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Svi Mykhailiuk's answer to teams limiting his 3s? 'Drive the ball more'

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Kansas guard Sviatoslav Mykhailiuk (10) is fouled by Clemson forward Elijah Thomas (14) on the rebound during the first half, Friday, March 23, 2018 at CenturyLink Center in Omaha, Neb.

Kansas guard Sviatoslav Mykhailiuk (10) is fouled by Clemson forward Elijah Thomas (14) on the rebound during the first half, Friday, March 23, 2018 at CenturyLink Center in Omaha, Neb. by Nick Krug

Omaha, Neb. — Svi Mykahiliuk noticed a change when he got into the teeth of Big 12 play.

Perhaps the most dramatic example came in KU’s game against TCU. The Horned Frogs’ defense keyed in on Mykhailiuk, switching all along the perimeter and trying to avoid helping off him.

The result? Mykhailiuk, who is averaging 12.3 field goal attempts per game this season, shot only two times. He went 0 for 2 from the field and missed his only 3-point attempt.

“Late in the year, starting I think in the Big 12 conference games, some teams started just running me off the 3-point line,” Mykhailiuk recalled. “Then in the Big 12 tournament, everyone started doing that.”

Mykhailiuk has shot at least 10 times in all but four of KU’s games since that matchup, but there has been a change of the number of open 3-pointers he’s gotten, especially in the NCAA tournament.

Through three rounds of the NCAA tournament, Mykhailiuk has connected on only 5 3s; he met or surpassed that total in nine of KU’s games leading up to that matchup against TCU.

“I haven’t studied it, but how many 3s has he got off in the tournament so far?” asked KU coach Bill Self. “Maybe 15 or so, which is not a great number. I mean that should be a two-game total as opposed to a three-game total.”

Funny enough, Self actually slightly overshot it.

Mykhailiuk has only launched 12 3 point attempts in the tournament. That mark of four per game is down from his average of nearly seven in KU’s first 34 contests.

That puts each open 3-point opportunity at a premium, though Mykhailiuk insists it doesn’t add any pressure to his shots.

“I’m just trying to take open shots,” Mykhialiuk said. “If it’s open, it’s gotta go in. If it’s not, I’m just not going to take it.”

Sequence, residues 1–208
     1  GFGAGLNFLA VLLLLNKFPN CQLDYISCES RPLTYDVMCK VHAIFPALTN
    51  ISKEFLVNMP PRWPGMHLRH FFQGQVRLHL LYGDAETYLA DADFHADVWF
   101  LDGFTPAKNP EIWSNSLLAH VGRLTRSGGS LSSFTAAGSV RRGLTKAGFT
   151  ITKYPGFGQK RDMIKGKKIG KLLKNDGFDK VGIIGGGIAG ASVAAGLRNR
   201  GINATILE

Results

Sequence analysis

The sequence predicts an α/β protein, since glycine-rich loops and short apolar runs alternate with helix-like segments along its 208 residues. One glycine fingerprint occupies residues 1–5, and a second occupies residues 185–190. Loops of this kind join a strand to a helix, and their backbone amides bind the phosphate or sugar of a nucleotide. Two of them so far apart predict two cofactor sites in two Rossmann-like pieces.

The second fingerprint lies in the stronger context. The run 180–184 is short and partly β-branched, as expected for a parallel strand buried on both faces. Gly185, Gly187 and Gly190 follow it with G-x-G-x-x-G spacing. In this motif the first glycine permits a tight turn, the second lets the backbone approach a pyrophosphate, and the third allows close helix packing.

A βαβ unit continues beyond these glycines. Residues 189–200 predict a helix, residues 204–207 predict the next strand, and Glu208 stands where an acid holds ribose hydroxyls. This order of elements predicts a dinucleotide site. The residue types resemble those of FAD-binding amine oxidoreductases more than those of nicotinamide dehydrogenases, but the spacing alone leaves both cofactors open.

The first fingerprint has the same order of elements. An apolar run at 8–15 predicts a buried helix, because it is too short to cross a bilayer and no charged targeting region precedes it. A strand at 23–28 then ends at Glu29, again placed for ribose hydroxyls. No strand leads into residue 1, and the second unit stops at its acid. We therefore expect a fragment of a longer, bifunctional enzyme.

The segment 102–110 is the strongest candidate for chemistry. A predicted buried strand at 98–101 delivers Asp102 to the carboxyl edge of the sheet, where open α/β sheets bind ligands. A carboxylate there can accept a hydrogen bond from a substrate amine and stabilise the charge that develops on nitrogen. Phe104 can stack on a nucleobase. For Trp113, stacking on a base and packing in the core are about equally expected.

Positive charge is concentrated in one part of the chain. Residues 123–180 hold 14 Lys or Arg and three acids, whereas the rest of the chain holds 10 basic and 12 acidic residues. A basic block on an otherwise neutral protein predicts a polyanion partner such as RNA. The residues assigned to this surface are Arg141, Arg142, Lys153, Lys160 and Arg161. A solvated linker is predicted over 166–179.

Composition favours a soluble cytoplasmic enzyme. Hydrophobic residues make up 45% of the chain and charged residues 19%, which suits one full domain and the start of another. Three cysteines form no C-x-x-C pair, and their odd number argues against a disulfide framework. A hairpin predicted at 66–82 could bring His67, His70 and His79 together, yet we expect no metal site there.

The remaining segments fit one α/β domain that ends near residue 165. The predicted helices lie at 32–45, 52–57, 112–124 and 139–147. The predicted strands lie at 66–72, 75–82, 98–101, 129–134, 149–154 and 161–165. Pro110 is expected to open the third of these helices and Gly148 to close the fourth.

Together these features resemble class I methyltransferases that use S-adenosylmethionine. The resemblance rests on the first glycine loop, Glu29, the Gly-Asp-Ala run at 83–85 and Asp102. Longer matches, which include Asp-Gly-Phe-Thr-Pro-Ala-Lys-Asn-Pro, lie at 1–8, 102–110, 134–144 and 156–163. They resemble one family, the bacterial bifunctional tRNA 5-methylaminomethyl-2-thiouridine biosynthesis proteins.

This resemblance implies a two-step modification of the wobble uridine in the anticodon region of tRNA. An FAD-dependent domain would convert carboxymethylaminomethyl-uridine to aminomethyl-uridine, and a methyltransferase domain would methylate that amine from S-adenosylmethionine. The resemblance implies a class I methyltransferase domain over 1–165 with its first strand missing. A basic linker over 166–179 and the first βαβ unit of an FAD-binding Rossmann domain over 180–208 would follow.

Duke’s defense will be different than the ones the Jayhawks have seen for most of the season. The Blue Devils have played mostly zone since the midway point in the year.

The zone, inspired by Syracuse coach Jim Boeheim, has mostly resembled a 2-3, though it has taken on other forms depending on the matchup.

In Duke’s Sweet 16 win over Syracuse, the zone resembled more of a 4-1 look at times, with the guards pressed high up on the wings. KU has seen other varieties of zones this year, playing against teams like Syracuse, Washington — who left the middle of the floor open and dared Lagerald Vick to beat them — Baylor and even Nebraska, who confounded the Jayhawks with a 1-3-1 look.

“Duke’s kind of different,” Mykhailiuk said. “Like Syracuse, they’re really long. They be playing zone every year so they know what they’re doing. I think Duke just started playing this year … but for them it’s working really good.”

While it remains to be seen what specific look — or looks — the Blue Devils will give the Jayhawks, Mykhailiuk noted the key to breaking them down may not solely come down to shooting.

Mykhailiuk knows KU will be at a size disadvantage, but the way he sees it, it could actually work in the Jayhawks' favor.

“I’ve just got to use my handles way more than I had to and just go to the line more,” Mykhailiuk said. “Find the open man, drive the ball more, drive the big guys because they play Bagley on the outside. He’s got to come up, so I think we’ve just got to drive more and find the open man.”

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